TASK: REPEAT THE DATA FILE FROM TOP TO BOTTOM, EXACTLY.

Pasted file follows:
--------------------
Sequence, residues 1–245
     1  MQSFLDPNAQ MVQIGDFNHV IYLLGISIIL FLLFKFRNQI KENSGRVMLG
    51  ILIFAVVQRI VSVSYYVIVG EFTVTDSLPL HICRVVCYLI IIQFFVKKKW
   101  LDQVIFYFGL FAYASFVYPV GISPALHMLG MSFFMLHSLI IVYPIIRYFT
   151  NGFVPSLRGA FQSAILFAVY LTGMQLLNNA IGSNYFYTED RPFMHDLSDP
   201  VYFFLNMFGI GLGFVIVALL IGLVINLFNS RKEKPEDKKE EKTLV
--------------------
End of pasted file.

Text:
Sequence, residues 1–245
     1  MQSFLDPNAQ MVQIGDFNHV IYLLGISIIL FLLFKFRNQI KENSGRVMLG
    51  ILIFAVVQRI VSVSYYVIVG EFTVTDSLPL HICRVVCYLI IIQFFVKKKW
   101  LDQVIFYFGL FAYASFVYPV GISPALHMLG MSFFMLHSLI IVYPIIRYFT
   151  NGFVPSLRGA FQSAILFAVY LTGMQLLNNA IGSNYFYTED RPFMHDLSDP
   201  VYFFLNMFGI GLGFVIVALL IGLVINLFNS RKEKPEDKKE EKTLV